Patriarchy does not promote abuse. It promotes virility. Patriarchy’s discourse about abuse is that it is a product of maleness, when unregulated by a sane masculinity. Patriarchy says that rapists are defective males who failed at fully becoming men: beast-like males, not civilized enough to control their impulses; emasculated males, who abuse women as an outlet for a frustration caused by their lack of virility; and effeminate males, attracted by perverted and decadent behavior, seemingly for the thrill of it.
And patriarchy says that those men – the bad men – should be oppressed (kept at bay, submitted or destroyed) by the good ones, the achieved men, who keep their maleness in check and are supposed to save the women from the bad guys. Patriarchy knows that it asks men to walk on a thin line – to be male enough to fend off the bad guys, but to stay in control of the maleness nonetheless. They are supposed to tap into the masculine powers of strength, violence and domination to protect widows and orphans, without letting themselves be corrupted by it. Patriarchy warns that even the good men might fail at such a paradoxical task – but still insists that there are differences between good men and bad men. One, of course, is that our men are good and their men are bad. The other is that bad men abuse when we let them be strong, while good men abuse when they let themselves be weak.
This is why, from a patriarchal standpoint, the idea that contemporary feminism is to blame for rape makes perfect sense, since it tends to oppose the full development of “sane masculinity” – masculinity as patriarchy intends it to be. Worse, with the rest of the left, feminism tends to empower exactly the wrong kind of men. What right-wingers see is women (i.e. victims) rejecting and impeding those who should be their saviors and embracing their future persecutors. There is no need to share this vision to understand how seeing things that way might be painful and maddening.
Patriarchy does not support abuse. It presents itself as the solution against abuse. Patriarchy might look like it supports abuse (say, spousal rape), but that’s not how patriarchy sees itself. Patriarchy just intends to protect women from abuse on its own terms (protect women from what it calls abuse by who it calls abusers) and at its own conditions (say, at the condition that married women make an effort to perform their duties). Of course, from a feminist viewpoint (meaning, from a perspective where abuse is defined by the women, the children and the weak, and not by the currently powerful men), what patriarchy does is quite the same thing as supporting abuse. But in patriarchy’s utopia, there is no abuse: the men are real men, the women are real women, and nobody gets hurt. The whole legitimacy of the rule of the fathers relies on protecting women from themselves and, first and foremost, from the other men.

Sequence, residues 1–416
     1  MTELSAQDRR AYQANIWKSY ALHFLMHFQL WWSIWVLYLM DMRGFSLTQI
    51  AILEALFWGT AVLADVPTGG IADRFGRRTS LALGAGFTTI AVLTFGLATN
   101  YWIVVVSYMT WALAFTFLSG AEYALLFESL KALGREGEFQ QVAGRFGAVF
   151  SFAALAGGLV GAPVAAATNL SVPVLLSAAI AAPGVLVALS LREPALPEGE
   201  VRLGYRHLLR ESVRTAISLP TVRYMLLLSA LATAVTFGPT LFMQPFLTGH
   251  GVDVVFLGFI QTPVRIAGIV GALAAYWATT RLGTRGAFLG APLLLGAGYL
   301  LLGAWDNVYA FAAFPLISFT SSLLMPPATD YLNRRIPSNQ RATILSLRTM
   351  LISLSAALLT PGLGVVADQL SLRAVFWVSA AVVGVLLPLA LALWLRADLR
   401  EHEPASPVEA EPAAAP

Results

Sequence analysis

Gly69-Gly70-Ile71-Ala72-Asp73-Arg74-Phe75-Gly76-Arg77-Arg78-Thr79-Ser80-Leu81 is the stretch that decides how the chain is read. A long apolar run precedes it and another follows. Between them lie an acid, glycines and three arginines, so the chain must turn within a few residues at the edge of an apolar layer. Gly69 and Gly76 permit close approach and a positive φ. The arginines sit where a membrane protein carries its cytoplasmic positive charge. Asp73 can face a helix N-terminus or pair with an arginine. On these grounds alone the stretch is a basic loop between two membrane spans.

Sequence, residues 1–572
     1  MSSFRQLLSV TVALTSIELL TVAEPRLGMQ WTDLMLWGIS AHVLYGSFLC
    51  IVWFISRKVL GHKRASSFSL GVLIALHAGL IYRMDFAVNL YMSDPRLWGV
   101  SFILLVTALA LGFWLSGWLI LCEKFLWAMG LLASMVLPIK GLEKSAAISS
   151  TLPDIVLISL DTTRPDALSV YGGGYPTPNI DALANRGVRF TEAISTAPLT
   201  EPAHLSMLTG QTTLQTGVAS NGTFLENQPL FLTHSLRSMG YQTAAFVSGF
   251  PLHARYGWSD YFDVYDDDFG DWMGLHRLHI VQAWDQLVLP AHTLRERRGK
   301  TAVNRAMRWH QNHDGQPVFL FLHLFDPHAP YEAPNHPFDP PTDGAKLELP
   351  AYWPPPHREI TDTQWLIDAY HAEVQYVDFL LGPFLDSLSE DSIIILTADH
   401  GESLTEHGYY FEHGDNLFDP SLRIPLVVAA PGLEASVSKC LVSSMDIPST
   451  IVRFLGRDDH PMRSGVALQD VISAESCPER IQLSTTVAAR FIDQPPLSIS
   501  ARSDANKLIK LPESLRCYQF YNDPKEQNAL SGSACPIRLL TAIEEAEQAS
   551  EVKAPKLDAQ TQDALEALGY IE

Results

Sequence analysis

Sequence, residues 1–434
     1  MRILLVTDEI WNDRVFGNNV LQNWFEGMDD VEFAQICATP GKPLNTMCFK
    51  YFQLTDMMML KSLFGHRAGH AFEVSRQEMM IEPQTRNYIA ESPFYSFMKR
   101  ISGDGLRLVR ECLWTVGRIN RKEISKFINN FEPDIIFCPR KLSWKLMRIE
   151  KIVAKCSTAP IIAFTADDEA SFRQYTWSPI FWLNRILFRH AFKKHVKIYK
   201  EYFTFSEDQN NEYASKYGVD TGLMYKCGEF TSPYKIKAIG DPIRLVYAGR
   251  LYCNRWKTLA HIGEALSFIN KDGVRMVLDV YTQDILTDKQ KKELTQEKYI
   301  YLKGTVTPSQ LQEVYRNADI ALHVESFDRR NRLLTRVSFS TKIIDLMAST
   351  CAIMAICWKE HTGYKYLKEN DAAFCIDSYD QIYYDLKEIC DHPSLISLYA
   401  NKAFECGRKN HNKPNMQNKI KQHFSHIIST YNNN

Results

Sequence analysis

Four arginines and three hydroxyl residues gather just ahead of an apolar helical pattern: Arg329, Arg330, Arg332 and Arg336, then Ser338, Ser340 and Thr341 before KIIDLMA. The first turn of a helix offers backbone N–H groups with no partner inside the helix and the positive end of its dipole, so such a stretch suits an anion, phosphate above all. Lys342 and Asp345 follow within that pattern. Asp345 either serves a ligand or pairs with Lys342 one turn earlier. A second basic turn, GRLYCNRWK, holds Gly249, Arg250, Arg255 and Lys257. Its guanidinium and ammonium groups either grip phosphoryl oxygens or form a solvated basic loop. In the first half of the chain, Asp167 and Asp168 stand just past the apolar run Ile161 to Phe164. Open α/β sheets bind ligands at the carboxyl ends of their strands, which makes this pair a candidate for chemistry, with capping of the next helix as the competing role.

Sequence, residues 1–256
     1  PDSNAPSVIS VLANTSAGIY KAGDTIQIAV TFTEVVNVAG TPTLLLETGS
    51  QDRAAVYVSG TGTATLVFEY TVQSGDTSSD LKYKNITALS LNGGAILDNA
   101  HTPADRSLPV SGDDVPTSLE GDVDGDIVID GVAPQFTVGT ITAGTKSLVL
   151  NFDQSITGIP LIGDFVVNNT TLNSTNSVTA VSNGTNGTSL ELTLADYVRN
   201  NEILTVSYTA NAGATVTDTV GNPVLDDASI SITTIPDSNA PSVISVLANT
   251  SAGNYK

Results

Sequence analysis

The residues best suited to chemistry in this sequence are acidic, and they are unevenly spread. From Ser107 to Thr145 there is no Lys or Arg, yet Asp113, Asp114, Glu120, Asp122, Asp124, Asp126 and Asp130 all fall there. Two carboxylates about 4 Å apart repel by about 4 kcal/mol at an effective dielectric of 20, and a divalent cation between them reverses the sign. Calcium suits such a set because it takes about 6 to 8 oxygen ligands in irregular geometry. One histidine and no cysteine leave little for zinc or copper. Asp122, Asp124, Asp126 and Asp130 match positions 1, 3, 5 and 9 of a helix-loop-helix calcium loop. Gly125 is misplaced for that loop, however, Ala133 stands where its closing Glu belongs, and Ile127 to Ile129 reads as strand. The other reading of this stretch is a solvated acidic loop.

Thus, the dehumanization of abusers in the mainstream feminist discourse is not new: it comes from patriarchy. What is new (as we will see) is that it is not directed towards the same targets. Nonetheless, it relies on the idea that abuser is a legitimate human trait, characterizing a member of a subhuman class of people corrupted by an unchecked maleness and subsequently prone to damage women. This idea is a core feature of patriarchy, and of most current oppressive systems, from racism to transphobia. Any oppressor can, and will, legitimize their position by claiming the people they oppress belong to this class or, at the very least, is a step further towards it.
It would be dubious, though, to call patriarchist the many feminist movements that reproduced and instrumentalized the patriarchal dehumanization of abusers in their fight against abuse, rape and/or battering. In a large majority, they at least intend to fight patriarchy. However, we can find in feminist discourses different levels of conflation between fighting patriarchy and fighting maleness – this evil-but-powerful force purported to animate male bodies in patriarchy’s propaganda. For example, the word “toxic masculinity” is sometimes used by feminists in its original, academic sense, and then means “the way in which patriarchal stereotypes and expectations are detrimental to the very men their are placed upon”. Some other times, “toxic masculinity” is just the masculinity of “toxic men”, becoming just another way to refer to this unchecked maleness that turns the men it corrupts into abusers. Most of the time, what definition of “toxic masculinity” is being used is not clear from the context, allowing a gathering of very different ideas and attitudes behind the same labels (“Against toxic masculinity”).